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shone with unwonted lustre, like stars limer honours among the spirits of just in a dark and stormy night. Through- men made perfect. With many of them out our denomination he was greatly he had enjoyed communion below, and esteemed by all who enjoyed his friend- not a few of them owed their salvation ship-in the home and foreign missions to him as an instrument in the hands of he took a deep interest—and the com- God. mittees of both those societies placed Thither he soon followed Mr. Dougin him a degree of confidence which he las, whose memoir he wrote for the well deserved. Ministers and members September magazine, in the midst of of other communions loved him for the great weakness, and against the wishes spirit of Jesus which he breathed, and of his relatives who trembled for the for his readiness to every good work. consequences upon his own delicate and Making no pretensions to brilliant parts attenuated frame. But love constrained or to literary attainments, yet by the him to perform this act of friendship eloquence of holy living and by the for one who had been his companion at greatness of self-denial, he steadily ad- college, and his regular correspondent vanced in moral power for more than until separated by death. In truth it forty years, and resembled “ the shining may be said that David Douglas and light that shineth more and more unto George Sample “ were pleasant in their the perfect day.” Failings he had, lives, and in their death they were not without doubt, though many of them long divided.” Both now sleep in Jeleaned to the side of virtue, and he sus, and rest from their labours. sought pardon for them all in the precious blood of Christ. All his hopes of In closing this sketch of my predeeternal life centred in the cross, which cessor in office, who was one of the best had been the theme of his ministry and men it has been my happiness to know, the ground of his rejoicing. Holding I cannot but regret his removal from firmly his own views of believers' bap- amongst us at a time when his influence tism, he waged war against the vile over the northern churches was so gedogma of sacramental efficacy, and as a neral and so beneficial. sinner ready to perish he found a refuge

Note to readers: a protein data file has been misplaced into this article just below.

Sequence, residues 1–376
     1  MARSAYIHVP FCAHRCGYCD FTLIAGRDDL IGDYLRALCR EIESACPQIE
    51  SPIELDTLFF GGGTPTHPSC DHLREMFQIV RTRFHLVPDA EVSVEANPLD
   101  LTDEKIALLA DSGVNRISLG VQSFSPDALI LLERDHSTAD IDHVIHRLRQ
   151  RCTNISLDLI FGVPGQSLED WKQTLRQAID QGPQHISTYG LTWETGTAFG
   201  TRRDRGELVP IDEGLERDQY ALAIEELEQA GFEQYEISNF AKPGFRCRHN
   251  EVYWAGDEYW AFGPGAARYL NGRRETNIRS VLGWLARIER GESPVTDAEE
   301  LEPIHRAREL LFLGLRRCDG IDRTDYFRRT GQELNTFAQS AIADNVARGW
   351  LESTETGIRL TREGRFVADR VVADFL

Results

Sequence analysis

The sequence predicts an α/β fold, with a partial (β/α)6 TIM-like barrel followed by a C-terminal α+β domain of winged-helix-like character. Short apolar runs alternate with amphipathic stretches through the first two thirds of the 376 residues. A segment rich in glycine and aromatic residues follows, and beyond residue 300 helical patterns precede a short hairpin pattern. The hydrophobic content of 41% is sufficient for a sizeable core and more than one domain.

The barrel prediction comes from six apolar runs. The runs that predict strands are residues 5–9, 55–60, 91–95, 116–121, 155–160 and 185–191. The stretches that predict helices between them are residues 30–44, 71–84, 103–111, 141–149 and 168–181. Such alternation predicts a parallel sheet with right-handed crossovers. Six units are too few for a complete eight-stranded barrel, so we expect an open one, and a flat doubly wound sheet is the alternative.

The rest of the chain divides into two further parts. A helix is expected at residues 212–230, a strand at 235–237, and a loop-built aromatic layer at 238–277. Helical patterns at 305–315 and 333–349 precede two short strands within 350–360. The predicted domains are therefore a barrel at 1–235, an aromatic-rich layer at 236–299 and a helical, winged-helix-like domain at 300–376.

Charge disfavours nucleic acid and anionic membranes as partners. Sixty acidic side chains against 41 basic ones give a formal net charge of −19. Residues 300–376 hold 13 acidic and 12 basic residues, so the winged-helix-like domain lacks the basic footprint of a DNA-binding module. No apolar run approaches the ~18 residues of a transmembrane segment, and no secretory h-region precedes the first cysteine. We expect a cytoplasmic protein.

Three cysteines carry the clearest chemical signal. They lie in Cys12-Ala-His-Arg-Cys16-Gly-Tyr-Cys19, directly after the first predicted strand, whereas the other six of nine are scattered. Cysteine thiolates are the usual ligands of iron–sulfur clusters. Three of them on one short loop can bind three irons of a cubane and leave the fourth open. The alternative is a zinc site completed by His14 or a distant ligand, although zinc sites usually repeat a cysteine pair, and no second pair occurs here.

“But lo! the Master called. in the righteousness of Christ. But So, laying down the bible that he loved, while calmly reviewing the past, and

That single weapon that he so meek had borne

Through all life's tribulation, he gave back hopefully waiting for the future, his